Seasonal Worker Programme expanded to take more Pacific Islander and East Timorese workers for livestock and grain farms.
Despite issues with exploitation and suspect labour hire practices for foreign workers, the Federal Government is expanding its Seasonal Worker Programme to help deal with farm labour shortages.
Previously restricted to horticulture, aquaculture and cane farms, guest workers will now be allowed to work on cattle, sheep, grain and mixed farming enterprises.
Pacific Island and East Timorese workers can apply to work for either six or nine months, pay a flat 15 per cent tax rate and can return each year for the seasonal work.
Workers from Tuvalu, Kiribati and Nauru will be able to work for nine months, because of the high cost of transport home, while workers from Fiji, Papua New Guinea, Samoa, Solomon Islands, Tonga, and Vanuatu and those from East Timor can work for six months.
“What we encourage with this program is that you do return to Australia, so you get that relationship with your approved employer, you understand the work, and then it contributes to the aid focus of the program to build your own community and support your own family,” Minister for Employment Senator Michaelia Cash said.
The change in the programme comes after a survey by the World Bank last year found cheap and irregular backpacker labourers were taking jobs away from Pacific Islanders. The report recommended the Australian Government consider tightening visa rules for backpackers, which it has done. The Government is also set to increase the tax rate for backpackers to 32.5 per cent for every cent they earn from July 2016. That has caused serious consternation for the horticulture sector which is claiming a backpacker shortage is leaving fruit unpicked.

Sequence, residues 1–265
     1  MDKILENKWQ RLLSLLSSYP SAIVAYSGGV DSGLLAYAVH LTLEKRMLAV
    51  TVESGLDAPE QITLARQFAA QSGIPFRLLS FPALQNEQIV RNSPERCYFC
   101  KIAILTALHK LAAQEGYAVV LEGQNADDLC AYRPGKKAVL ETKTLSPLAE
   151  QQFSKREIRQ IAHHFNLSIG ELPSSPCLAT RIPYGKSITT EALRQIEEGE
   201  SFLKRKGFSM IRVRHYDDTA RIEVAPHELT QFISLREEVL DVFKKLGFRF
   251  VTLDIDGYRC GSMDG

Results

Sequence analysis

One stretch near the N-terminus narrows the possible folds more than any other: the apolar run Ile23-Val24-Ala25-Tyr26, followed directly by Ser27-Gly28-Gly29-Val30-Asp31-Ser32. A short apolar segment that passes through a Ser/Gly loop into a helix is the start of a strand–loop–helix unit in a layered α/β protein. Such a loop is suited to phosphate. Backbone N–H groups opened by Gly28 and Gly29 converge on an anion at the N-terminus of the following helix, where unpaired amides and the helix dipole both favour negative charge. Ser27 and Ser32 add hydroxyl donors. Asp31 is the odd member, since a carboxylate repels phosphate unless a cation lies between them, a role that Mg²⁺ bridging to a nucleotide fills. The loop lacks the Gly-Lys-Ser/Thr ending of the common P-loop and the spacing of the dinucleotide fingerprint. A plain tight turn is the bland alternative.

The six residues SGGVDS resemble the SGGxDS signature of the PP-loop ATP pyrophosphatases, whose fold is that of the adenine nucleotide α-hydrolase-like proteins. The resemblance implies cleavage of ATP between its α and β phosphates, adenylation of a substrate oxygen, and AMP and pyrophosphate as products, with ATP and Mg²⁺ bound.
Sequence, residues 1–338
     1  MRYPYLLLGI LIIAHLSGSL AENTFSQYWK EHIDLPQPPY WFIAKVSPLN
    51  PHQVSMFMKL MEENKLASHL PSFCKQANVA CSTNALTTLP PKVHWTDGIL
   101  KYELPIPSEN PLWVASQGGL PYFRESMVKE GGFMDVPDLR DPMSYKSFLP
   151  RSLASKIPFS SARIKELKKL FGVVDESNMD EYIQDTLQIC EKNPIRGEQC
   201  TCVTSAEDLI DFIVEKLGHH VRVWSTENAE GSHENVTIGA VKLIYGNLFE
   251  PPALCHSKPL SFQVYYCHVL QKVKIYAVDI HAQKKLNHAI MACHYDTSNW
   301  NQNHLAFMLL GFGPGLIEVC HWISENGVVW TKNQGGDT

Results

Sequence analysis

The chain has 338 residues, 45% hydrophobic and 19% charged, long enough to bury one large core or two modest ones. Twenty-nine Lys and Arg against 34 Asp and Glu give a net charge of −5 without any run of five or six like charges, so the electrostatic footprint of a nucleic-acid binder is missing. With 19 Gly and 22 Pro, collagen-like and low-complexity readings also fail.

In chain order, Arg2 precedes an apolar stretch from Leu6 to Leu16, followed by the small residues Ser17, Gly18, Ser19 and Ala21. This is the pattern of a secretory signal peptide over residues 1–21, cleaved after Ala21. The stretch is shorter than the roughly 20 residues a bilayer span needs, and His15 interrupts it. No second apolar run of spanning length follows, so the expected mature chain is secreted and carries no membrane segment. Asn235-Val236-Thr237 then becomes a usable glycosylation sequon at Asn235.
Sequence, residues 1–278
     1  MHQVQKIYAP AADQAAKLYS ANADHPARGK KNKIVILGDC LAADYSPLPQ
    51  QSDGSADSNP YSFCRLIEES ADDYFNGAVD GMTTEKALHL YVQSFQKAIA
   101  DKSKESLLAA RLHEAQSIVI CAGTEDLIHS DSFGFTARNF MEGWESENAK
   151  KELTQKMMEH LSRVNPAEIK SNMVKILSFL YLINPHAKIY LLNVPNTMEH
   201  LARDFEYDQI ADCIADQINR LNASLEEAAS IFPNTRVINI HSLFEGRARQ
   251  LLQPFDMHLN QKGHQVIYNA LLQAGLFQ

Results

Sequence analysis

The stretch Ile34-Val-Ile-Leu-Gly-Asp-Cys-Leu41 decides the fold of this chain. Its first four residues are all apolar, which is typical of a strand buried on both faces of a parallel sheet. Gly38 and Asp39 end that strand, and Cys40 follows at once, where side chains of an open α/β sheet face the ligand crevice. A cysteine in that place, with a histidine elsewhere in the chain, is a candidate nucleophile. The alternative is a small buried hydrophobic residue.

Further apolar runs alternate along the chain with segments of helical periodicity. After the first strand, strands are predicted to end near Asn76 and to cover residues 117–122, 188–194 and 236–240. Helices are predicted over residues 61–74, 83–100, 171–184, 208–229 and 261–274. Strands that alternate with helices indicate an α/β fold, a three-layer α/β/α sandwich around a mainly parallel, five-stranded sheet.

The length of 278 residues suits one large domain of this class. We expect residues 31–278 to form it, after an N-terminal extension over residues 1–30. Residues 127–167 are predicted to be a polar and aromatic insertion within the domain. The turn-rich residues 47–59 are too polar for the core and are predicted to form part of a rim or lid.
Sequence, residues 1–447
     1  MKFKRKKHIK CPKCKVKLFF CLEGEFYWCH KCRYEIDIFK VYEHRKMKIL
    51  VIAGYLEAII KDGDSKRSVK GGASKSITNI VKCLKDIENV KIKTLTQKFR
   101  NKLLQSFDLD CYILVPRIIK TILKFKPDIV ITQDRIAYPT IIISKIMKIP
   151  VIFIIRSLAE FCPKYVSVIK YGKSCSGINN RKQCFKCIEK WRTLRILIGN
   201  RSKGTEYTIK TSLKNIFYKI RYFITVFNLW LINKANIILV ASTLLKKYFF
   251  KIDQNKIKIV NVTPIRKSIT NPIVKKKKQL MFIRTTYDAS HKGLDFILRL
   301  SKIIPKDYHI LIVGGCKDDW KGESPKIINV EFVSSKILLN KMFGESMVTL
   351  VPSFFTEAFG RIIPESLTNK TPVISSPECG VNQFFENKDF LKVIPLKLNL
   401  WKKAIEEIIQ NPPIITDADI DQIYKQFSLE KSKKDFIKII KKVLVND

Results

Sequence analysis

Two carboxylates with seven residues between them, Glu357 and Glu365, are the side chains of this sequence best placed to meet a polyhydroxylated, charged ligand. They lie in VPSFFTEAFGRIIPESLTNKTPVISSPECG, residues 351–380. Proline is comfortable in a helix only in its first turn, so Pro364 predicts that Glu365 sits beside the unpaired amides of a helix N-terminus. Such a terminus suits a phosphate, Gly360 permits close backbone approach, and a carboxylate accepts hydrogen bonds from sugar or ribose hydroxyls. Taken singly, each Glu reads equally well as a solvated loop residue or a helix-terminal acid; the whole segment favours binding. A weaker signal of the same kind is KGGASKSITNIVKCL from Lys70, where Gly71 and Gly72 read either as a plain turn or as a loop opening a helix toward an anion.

But Senator Cash said backpacker workers needed to pay more tax. “The Working Holiday Maker Programme has very different purpose than Seasonal Worker Programme, it’s a cultural exchange program, the backpackers don’t necessarily just come here to work. That’s about earning money for their holiday, going off and spending in the Australian economy,” Senator Cash said.
She would not be drawn on a National Farmers Federation campaign to limit the tax increase for backpacker workers to 19 per cent. Senator Cash said the expansion of the Seasonal Worker Programme for Pacific Islanders came from a push from livestock and grain farmers. “We want to help farmers substantially lift output during what we know are critical times of the year.”
Government crackdown on Seasonal Worker exploitation
Senator Cash said the Government would continue to crackdown on cases of worker exploitation.
The Fair Work Ombudsman is taking a Sunshine Coast labour hire company to court accusing it of underpaying 22 fruit pickers from Vanuatu.
The matter is set down for a directions hearing in a Brisbane court on March 1, 2016.
“This Government does not tolerate exploitation with Seasonal worker, 457 visas or domestically,” Senator Cash said.
“We ensure that only approved employers enter into legally enforceable agreements with the Commonwealth Government, represented by the Department of Employment.
“This is important. All workers employed under the Seasonal Worker program are protected by Australian workplace laws in the same manner as an Australian worker.
“We have the power to terminate agreements with employers if they don’t meet their obligations.
“That means you will no longer be able to recruit seasonal workers, you don’t get access to this labour and we know the labour is critical.”
Since July 2012, 8600 visas have been issued to seasonal workers under the program, with 70 approved employers.
An employer is required to test the local labour market first, and if they cannot find workers they can then apply to the Federal Department of Employment to prove they can take on the seasonal workers.
They then enter into a contract with the Department of Employment, via the department’s website.
By Sarina Locke